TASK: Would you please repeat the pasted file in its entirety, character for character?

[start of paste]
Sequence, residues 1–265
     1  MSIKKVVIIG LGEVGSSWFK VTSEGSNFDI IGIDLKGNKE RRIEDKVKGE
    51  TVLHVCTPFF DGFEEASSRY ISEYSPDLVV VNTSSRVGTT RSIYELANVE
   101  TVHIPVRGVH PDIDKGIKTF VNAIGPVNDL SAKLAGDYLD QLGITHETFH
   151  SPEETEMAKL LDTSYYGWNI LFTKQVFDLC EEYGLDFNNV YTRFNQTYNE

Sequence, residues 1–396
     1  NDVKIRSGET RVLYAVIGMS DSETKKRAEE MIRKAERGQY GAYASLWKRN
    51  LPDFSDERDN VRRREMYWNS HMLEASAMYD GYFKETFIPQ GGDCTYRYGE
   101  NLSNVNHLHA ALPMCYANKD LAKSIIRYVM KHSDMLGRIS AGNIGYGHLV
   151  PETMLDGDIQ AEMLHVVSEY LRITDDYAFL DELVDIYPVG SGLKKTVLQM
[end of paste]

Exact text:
Sequence, residues 1–265
     1  MSIKKVVIIG LGEVGSSWFK VTSEGSNFDI IGIDLKGNKE RRIEDKVKGE
    51  TVLHVCTPFF DGFEEASSRY ISEYSPDLVV VNTSSRVGTT RSIYELANVE
   101  TVHIPVRGVH PDIDKGIKTF VNAIGPVNDL SAKLAGDYLD QLGITHETFH
   151  SPEETEMAKL LDTSYYGWNI LFTKQVFDLC EEYGLDFNNV YTRFNQTYNE

Sequence, residues 1–396
     1  NDVKIRSGET RVLYAVIGMS DSETKKRAEE MIRKAERGQY GAYASLWKRN
    51  LPDFSDERDN VRRREMYWNS HMLEASAMYD GYFKETFIPQ GGDCTYRYGE
   101  NLSNVNHLHA ALPMCYANKD LAKSIIRYVM KHSDMLGRIS AGNIGYGHLV
   151  PETMLDGDIQ AEMLHVVSEY LRITDDYAFL DELVDIYPVG SGLKKTVLQM